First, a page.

High-Risk Versus Low-Risk Merchants

High-Risk Versus Low-Risk Merchants

As a merchant, you probably look up to big stores as the epitome of success. They’re big, they’re profitable, and they’re everywhere. So it’s no surprise that you want your business to be like them. This article breaks down the difference between high-risk offshore merchant accounts and low-risk merchants so you can know which category you fall under and what it means for your business.

What Are Merchant Accounts?

A merchant account is a bank account that gives the opportunity for businesses to accept payments by credit or debit cards. Merchant accounts are established with an acquiring bank, also called a payment processor, which handles the transactions between the customer’s bank and the merchant.

Merchant accounts enable you to process both card-present (swiped) and card-not-present (keyed in) transactions. You can process transactions online, by phone, or in person. That is why large stores like Kroger accept different forms of payments.

High-Risk Merchants

High-risk merchants are those that have been assigned a higher risk level by banks and credit card processors. This is generally because the merchant’s business is in an industry with a high rate of fraud or chargebacks or because the merchant has poor credit.

Some examples of high-risk industries are online gambling, dating services, pharmaceuticals, and nutraceuticals. You may have trouble getting approved for a standard merchant account if you’re a high-risk merchant. That’s why high-risk offshore merchant accounts exist – to give high-risk merchants the ability to process payments without worrying about being denied by a bank or credit card processor.

Am I a High-Risk Merchant?

A bank or PSP (payment service provider) will decide if you’re a high-risk merchant based on several factors. These include:

  • Your business or industry has a high chargeback ratio: A chargeback is called the situation when a customer contacts their credit card issuer to dispute a charge. If you have an increased number of chargebacks, it means that customers are frequently disputing charges with your business. This is a red flag for banks and PSPs, who will see you as a high-risk merchant.
  • You deal with high-value transactions or high-volume sales: If you’re a business dealing with high-value transactions, you’re considered high risk. This is because there’s more money at stake and thus a higher likelihood of fraud. The same goes for businesses with high-volume sales – the more transactions you process, the higher the risk of fraud.
  • You have a poor credit score: If you have a poor credit score, banks and PSPs will see you as a high-risk merchant because you’re more likely to default on your payments.
  • You process international transactions: If you do business with international customers, you’re considered to be high risk. This is because it’s harder to track down fraudulent activity when it crosses borders.
  • Your business is new: If you haven’t built a reputation yet, banks and PSPs will see you as a high-risk merchant. This is because there’s no history to show you’re a reliable and trustworthy business.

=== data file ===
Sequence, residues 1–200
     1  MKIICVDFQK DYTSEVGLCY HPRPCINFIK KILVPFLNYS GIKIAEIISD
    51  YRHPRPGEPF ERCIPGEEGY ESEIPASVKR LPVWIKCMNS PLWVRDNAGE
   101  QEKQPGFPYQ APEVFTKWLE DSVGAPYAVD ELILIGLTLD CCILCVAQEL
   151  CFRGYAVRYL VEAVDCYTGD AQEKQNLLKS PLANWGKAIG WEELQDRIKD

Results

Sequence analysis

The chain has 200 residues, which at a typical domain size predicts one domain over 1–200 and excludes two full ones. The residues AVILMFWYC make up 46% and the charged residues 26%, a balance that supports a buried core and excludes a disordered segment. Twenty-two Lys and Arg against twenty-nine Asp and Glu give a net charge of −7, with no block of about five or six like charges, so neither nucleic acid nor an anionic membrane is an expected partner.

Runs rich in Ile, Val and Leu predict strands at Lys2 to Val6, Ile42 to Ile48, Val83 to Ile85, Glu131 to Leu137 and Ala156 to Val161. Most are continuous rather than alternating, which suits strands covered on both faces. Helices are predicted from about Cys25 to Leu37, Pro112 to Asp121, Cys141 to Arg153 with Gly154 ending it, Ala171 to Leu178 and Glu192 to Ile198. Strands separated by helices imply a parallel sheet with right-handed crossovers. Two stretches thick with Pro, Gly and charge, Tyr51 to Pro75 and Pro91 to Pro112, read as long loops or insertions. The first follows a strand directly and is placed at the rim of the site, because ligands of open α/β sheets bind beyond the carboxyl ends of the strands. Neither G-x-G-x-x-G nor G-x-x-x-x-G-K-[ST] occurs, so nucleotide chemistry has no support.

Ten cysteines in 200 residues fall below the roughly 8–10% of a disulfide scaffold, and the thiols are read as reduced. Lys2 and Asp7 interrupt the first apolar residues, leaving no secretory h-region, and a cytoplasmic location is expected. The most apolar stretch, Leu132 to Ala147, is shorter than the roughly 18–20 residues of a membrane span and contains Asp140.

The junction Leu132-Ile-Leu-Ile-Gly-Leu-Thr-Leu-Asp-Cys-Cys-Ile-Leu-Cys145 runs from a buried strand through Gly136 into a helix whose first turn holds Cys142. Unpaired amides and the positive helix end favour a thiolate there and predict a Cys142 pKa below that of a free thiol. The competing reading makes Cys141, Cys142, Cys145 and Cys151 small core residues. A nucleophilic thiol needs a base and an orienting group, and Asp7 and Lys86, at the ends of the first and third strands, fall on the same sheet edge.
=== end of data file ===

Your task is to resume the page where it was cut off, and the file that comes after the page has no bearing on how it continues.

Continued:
What Are the Risks of Being a High-Risk Merchant?

There are a few risks that come with being a high-risk merchant:

  • You may have to pay higher fees: High-risk merchants generally have to pay higher transaction fees than low-risk merchants. This is because there’s a higher risk of fraud or chargebacks.
  • You may be required to put down a reserve: A reserve is an amount of money that’s held by the bank or PSP in case of chargebacks to protect the processor from losses if there is a lot of chargebacks.
  • Your account may be terminated: If you’re a high-risk merchant, your account may be terminated at any time. This is because banks and PSPs can choose to stop doing business with you at any time.

Low-Risk Merchants

Low-risk merchants are those that have been assigned a lower risk level by banks and credit card processors. This is generally because the merchant’s business is in an industry with a low rate of fraud or chargebacks. Some examples of low-risk industries are retail, restaurants, and hotels. You should have no trouble getting approved for a standard merchant account if you’re a low-risk merchant.

A business is considered low-risk if:

  • It has modest sale volumes: If you don’t process many transactions, you’re not as attractive to criminals. You’re also less likely to have the operational capacity to deal with a sudden increase in fraud or chargebacks.
  • It deals with low-value transactions: If the average transaction value is low, there’s less at stake for a fraudster.
  • It has a good credit history: A strong credit history means you’re less likely to default on your merchant account agreement. It also suggests you’re running a well-managed business.
  • It has a long-standing relationship with its bank or credit card processor: If you’ve been with your bank or processor for a while, they’re more likely to be lenient if you have the occasional problem.
  • It only accepts one currency: If you only deal in one currency, it’s easier to track suspicious activity.

High-Risk Versus Low-Risk Merchants: Which Is Best For You?

Honestly, there is no easy answer. It all comes down to your business and what you feel comfortable with. Consider your industry, your transaction values, and your overall risk tolerance. Then, make a decision accordingly.

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